2 Answers | Add Yours
As was mentioned in the previous post, Reverend Hale advises the accused prisoners to offer false testimonies and confess to witchcraft in order to save their lives. In Salem's court, the only way to avoid being executed for witchcraft is to confess. Throughout the play, Reverend Hale has come to realize that the proceedings of the court are corrupt. When Danforth asks Reverend Hale why he has returned to Salem, Hale replies by saying that he has come to do the Devil's work. Hale proceeds to express his extreme guilt and realizes that he is indirectly responsible for the deaths of innocent citizens. In Act Four, Reverend Hale attempts to influence Elizabeth Proctor to encourage her husband to confess. Hale believes that life is God's most precious gift and is willing to abandon his Christian principles in order to save lives. Therefore, Reverend Hale encourages the accused to confess to witchcraft so that they survive their trial.
Reverend Hale is visiting the prison and advising the condemned to confess to witchcraft. He is doing this because he is now convinced, after the testimony against Abigail and the accusation of John Proctor, that the people accused of witchcraft are really innocent.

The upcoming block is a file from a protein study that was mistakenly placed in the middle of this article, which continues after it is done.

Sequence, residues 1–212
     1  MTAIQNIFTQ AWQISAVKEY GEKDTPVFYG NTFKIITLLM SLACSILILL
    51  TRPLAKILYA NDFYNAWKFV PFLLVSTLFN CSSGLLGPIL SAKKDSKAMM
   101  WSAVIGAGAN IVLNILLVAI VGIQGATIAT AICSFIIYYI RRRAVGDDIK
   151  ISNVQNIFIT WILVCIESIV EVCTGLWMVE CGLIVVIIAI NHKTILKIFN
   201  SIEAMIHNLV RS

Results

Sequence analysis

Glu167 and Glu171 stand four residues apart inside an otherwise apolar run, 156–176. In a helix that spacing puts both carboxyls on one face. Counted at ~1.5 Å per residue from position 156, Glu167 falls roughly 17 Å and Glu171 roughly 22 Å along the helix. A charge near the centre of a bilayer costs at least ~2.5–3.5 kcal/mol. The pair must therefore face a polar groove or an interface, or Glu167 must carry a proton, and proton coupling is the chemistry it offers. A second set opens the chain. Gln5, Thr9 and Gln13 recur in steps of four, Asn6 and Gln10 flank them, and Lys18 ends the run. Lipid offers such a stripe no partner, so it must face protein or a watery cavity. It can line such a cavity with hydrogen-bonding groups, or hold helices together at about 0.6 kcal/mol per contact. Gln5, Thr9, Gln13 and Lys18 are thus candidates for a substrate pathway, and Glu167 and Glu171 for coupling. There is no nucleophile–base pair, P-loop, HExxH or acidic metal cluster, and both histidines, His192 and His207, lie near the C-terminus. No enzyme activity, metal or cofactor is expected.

He also knows that under the rules of the court and the way the trials are being held, that anyone who is accused is found guilty and that there is really no way anyone can defend him or herself. So trying to prove innocence is really not an option.
Therefore, he pleads with the condemned to confess, even though they are innocent. He knows this is the only way they can survive, since confessed witches only serve prison sentences and are not hanged.
I think Hale is trying to assuage his own guilt for the part he played in convicting many of the condemned. He is trying to save their lives as a way of atoning for his initial disbelief of their innocence and for allowing himself to be manipulated by Abigail and the other accusers.
We’ve answered 319,854 questions. We can answer yours, too.Ask a question